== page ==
• Simplify the process for health care encounter data submission

Additional Resources: Retaining Providers

Medical Group Management Association (MGMA)
Formalizing Your Physician Retention Strategies Amid Worsening Shortages

National Association of Community Health Centers (NACHC)
Clinical Recruitment and Retention Toolkit

STAR² Center – Association of Clinicians for the Underserved (ACU)
Solutions Training and Assistance for Recruitment & Retention
STAR² Center Financial Assessment for Provider Turnover Tool Video Introduction
STAR² Center Financial Assessment for Provider Turnover Tool


CHAMPS has developed a sample retention workplan based on these suggestions; you are encouraged to alter the document to serve the individual needs of your organization.

Please click HERE to view, alter, save and print the workplan.


No matter how comprehensive and thoughtful your retention plan is, some of your staff will leave the organization. When this happens, try to conduct an exit interview to find out why they are leaving. The answers you receive may enable you to resolve previously unknown problems or help in recruiting the next time. Consider having the departing employee complete an Exit Interview Questionnaire as an additional resource.

Please click HERE to view, alter, save and print a sample Exit Interview Questionnaire followed by some tips for a successful exit interview.

Additional Resources: Exit Interviews Tech Careers
Exit Interview Questions

Free Management Library
Exit Interview Resources

The Real Value of Getting an Exit Interview Right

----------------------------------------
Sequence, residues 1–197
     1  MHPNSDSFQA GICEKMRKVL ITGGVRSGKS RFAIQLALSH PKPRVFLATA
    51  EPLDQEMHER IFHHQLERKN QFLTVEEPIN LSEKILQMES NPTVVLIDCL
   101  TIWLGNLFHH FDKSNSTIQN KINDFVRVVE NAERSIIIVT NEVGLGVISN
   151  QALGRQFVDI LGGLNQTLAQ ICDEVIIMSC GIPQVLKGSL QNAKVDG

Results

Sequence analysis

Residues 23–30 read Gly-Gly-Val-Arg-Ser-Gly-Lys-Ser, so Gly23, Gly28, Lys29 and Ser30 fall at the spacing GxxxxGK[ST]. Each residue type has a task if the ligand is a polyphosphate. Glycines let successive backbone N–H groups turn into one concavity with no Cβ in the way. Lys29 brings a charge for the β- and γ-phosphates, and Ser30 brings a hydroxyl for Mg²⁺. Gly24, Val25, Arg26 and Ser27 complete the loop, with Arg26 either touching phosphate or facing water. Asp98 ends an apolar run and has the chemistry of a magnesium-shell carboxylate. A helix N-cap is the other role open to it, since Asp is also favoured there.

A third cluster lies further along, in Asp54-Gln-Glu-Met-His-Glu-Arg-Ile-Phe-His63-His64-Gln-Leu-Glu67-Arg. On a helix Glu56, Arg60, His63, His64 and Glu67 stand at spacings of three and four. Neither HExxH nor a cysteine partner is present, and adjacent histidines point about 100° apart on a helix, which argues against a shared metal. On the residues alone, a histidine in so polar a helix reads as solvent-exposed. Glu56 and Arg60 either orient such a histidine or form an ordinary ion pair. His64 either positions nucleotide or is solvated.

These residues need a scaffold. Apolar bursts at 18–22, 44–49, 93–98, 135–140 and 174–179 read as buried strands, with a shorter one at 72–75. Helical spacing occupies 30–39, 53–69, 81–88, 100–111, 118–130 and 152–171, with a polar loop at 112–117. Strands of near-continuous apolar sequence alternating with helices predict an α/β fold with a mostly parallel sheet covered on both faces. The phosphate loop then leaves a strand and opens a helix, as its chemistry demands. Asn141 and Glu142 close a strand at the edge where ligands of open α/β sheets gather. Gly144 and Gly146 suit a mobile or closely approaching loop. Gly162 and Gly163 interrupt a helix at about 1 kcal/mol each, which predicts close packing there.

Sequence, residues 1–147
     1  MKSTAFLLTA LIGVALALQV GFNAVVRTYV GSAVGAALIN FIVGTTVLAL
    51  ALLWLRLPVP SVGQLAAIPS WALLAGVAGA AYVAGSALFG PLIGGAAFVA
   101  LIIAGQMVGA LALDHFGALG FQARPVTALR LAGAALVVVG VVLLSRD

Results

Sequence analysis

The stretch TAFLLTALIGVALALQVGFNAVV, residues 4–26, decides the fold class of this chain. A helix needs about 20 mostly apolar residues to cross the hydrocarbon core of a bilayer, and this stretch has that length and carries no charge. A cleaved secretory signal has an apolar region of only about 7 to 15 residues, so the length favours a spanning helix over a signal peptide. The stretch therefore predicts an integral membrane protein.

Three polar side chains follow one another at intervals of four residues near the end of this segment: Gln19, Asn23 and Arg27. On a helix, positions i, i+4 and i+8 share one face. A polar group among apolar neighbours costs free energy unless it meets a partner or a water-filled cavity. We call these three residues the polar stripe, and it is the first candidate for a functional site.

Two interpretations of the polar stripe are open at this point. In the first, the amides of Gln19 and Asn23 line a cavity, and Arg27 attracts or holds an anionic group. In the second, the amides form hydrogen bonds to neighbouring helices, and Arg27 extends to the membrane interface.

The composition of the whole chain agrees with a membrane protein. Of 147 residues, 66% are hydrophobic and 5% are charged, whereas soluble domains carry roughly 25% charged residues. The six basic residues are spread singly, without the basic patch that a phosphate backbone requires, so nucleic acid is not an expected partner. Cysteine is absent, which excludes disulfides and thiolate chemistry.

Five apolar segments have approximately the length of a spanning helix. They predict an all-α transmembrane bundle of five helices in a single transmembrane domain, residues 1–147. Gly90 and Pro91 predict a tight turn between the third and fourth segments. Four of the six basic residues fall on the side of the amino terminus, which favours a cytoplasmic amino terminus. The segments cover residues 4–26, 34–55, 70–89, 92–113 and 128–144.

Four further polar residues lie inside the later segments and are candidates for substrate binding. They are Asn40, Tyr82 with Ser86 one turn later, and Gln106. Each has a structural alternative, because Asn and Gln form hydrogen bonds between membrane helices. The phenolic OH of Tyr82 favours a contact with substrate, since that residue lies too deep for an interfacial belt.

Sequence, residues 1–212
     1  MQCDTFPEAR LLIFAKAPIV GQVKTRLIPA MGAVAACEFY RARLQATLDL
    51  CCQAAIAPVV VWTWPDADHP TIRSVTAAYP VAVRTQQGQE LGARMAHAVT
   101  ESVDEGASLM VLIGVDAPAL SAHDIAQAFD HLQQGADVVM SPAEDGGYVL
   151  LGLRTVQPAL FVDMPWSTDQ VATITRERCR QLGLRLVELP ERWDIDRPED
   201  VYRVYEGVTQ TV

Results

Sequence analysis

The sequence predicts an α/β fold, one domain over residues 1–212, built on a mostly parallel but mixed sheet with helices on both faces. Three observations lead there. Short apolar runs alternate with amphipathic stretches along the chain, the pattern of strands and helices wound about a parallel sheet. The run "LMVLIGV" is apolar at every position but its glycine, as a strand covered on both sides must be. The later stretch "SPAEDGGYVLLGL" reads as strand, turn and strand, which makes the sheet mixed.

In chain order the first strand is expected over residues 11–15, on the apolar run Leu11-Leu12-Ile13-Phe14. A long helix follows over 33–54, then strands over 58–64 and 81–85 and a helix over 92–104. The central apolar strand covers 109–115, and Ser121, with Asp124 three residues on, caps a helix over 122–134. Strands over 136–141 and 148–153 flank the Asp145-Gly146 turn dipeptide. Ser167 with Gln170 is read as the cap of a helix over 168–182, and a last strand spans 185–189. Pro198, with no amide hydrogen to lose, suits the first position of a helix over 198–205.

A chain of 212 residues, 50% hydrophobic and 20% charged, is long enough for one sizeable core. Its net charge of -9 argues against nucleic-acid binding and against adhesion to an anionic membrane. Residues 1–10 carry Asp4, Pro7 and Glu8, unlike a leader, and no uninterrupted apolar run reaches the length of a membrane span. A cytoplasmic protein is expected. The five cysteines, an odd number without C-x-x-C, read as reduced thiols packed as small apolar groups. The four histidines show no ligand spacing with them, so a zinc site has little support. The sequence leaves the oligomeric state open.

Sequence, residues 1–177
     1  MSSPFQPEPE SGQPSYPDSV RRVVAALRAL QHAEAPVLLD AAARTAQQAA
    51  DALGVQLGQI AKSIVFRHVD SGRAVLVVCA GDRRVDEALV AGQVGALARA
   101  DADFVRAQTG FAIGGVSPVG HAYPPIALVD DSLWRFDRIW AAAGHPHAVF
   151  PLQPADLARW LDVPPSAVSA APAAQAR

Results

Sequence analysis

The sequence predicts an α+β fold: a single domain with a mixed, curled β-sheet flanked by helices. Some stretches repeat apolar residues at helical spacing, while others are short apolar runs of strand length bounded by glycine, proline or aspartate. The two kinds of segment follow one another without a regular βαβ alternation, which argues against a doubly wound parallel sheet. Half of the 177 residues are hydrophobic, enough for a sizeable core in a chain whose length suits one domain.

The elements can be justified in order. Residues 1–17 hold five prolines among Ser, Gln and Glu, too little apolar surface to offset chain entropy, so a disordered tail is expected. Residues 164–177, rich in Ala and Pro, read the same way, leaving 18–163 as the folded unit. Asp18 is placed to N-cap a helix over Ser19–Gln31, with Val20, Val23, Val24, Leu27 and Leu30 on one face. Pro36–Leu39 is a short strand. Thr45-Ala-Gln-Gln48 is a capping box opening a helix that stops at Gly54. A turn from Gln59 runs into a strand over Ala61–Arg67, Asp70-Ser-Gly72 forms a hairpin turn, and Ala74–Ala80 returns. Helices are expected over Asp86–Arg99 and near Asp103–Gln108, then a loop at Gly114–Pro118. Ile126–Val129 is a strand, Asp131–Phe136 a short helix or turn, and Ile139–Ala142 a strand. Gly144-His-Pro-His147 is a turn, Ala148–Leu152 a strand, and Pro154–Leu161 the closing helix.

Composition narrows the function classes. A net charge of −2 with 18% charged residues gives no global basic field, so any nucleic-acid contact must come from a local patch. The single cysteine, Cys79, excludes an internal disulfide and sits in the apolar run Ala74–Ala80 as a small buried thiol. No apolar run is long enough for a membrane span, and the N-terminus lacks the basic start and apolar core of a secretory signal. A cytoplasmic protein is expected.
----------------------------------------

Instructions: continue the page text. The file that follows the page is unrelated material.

Harvard Business Review
Making Exit Interviews Count

National Association of Community Health Centers (NACHC)
Exit Pulse

Talent Lyft
The Ultimate Guide for Conducting Effective Exit Interviews

Top Ten Ways to Retain Your Great Employees
Keep Your Best: Retention Tips

Centers for Medicare & Medicaid Services (CMS)
Promising Practices in State Survey Agencies: Retaining Surveyors–A Compendium of Promising Practices

Community Health Association of Mountain/Plains States (CHAMPS)
Recruitment and Retention Surveys and Data
Other Recruitment and Retention Resources

How to Create a Winning Employee Retention Strategy
Seven Ways to Retain Top Employees

15 Effective Employee Retention Strategies in 2024

Free Management Library
Retaining Employees—library of online resources

HRH Global Resource Center
International Health Worker Retention

11 Ways to Retain Employees in a Competitive Market
10 Effective Strategies to Retain Employees

Institute for Socio-financial Studies
2010 CHAMPS/NWRPCA Annual Conference session presentation slides
Creating High Morale Through Value-Focused Leadership
Your Unique LifeValues History
Your LifeValues Profile Quiz

National Academy of Medicine (NAM)
Utilizing a Systems and Design Thinking Approach for Improving Well-Being within Health Professions’ Education and Health Care

National Association of Community Health Centers (NACHC)
CHC Pulse
Health Center Workforce: Recruitment and Retention Toolkit

North Shore LIJ Health System
2010 CHAMPS/NWRPCA Annual Conference session presentation slides
Succession Planning for Your Clinical Staff

The Physicians’ Foundation
The Physicians’ Perspective: Medical Practice in 2008

Employee Retention Plan—How to Keep Good Employees

Society for Human Resource Management (SHRM)

STAR² Center
ACU Health Center Provider Retention and Recruitment Plan Template
Comprehensive template containing resources, charts, and tables that walk through each section of a healthy and evolving R&R plan.
ACU Burnout Resources Bundle
Compendium of articles, tools, and multimedia presentations that address provider stress and burnout.

U.S. Department of Agriculture (USDA) Economic Research Service
Factors Affecting Recruitment, Retention of Rural Clinicians

Virginia Department of Health
EMS Recruitment and Retention

World at Work
World at Work—The Total Rewards Association

Workforce Planning for Wisconsin State Government
Employee Retention Overview